Under different circumstances, my parents would have gone to school and done very well. They were extremely intelligent. They did not want to see us have that kind of hard life. The pay is terrible, the conditions are dangerous and brutal out in the fields. So they, like so many families, worked day and night to keep us in school. They did not want to see us pulled out of school and set up for a life of poverty like they had been. They sacrificed their lives for their younger siblings, and then sacrificed for their children. They wanted the children to have what they didnít have, to have an education, to make in impact in the world, and to have an easier life.
JC: Farmworker life is hard and often focused on subsistence. Coming from that, do you ever struggle with a sense that art is frivilous, pampered or priveledged?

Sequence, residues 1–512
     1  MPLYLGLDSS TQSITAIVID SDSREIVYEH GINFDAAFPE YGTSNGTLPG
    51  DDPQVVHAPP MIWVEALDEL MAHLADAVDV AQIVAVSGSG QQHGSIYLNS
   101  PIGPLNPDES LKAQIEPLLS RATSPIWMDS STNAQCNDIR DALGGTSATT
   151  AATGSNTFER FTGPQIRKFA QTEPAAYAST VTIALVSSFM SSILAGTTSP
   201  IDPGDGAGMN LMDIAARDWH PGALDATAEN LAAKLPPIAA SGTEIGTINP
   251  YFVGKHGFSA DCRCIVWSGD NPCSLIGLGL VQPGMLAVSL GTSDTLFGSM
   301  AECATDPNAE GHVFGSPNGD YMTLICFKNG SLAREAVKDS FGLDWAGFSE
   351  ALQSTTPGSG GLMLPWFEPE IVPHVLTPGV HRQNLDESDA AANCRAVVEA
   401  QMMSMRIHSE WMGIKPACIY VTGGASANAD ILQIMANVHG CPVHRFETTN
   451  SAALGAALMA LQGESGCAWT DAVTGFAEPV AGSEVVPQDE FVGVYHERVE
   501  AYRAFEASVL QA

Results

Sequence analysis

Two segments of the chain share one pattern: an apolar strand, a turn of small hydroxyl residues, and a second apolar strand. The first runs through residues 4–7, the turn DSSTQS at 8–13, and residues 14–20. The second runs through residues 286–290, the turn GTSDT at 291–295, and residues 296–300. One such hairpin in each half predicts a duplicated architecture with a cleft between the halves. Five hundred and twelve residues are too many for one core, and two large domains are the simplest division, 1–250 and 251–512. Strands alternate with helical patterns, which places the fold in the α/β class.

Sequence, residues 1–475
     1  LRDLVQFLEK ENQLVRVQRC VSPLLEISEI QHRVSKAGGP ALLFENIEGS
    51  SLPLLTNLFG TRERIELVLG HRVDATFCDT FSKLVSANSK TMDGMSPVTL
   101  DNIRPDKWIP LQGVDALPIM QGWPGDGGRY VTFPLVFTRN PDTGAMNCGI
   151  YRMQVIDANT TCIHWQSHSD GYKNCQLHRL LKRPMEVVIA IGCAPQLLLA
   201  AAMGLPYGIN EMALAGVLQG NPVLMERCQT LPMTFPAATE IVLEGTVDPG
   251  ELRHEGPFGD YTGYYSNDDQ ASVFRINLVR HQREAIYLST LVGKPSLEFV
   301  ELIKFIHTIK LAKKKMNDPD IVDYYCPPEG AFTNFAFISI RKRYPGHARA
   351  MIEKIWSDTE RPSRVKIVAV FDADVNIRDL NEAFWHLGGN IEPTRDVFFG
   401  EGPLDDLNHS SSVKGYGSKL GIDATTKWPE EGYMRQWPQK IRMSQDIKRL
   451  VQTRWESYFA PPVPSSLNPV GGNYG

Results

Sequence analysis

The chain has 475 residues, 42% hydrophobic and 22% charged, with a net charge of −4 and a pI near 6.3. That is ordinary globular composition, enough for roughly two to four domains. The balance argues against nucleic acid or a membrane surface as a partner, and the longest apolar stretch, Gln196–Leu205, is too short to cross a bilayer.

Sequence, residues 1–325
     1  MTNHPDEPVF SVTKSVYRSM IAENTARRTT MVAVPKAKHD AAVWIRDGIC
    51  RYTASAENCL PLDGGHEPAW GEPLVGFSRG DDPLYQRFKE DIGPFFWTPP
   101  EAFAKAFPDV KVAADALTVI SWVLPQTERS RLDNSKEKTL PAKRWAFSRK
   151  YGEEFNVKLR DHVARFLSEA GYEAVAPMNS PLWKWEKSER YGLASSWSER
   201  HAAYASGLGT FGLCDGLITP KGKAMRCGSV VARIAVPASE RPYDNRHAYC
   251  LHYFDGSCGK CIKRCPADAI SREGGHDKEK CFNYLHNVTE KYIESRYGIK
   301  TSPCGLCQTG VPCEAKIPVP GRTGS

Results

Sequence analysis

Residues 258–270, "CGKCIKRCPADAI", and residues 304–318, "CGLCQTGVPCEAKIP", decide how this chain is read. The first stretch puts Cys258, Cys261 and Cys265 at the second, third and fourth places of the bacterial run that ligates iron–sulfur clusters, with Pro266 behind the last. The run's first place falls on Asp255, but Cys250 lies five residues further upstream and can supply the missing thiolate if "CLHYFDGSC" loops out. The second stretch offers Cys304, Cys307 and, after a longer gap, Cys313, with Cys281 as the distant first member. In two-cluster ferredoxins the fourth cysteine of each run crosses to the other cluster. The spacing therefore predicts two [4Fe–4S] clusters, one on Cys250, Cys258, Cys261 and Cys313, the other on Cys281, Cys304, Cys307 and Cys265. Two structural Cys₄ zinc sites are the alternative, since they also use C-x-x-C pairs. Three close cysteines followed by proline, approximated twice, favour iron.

EH: I never really questioned whether it was frivolous or not. Maybe others have that notion, but in general, it has always been a part of who I am and all my family and community knew that. I never questioned what other people thought in that regard, I just had to do it. I can tell you for sure that I would have had an easier life doing other things. There have been sometimes when I questioned choosing art, but it was more for the economic part of it. In some ways, when I got into the Chicano Movement, I was always focused on community and people. I think that kept me away from feeling art was frivolous. I feel like I play a role. I contribute. Iím not doing work that has no meaning to other people. Iím not just out to make money.
JC: So your sense of cultural connection and political service keep you from feeling that art is self indulgent or frivolous, because you know your work is geared towards a greater good.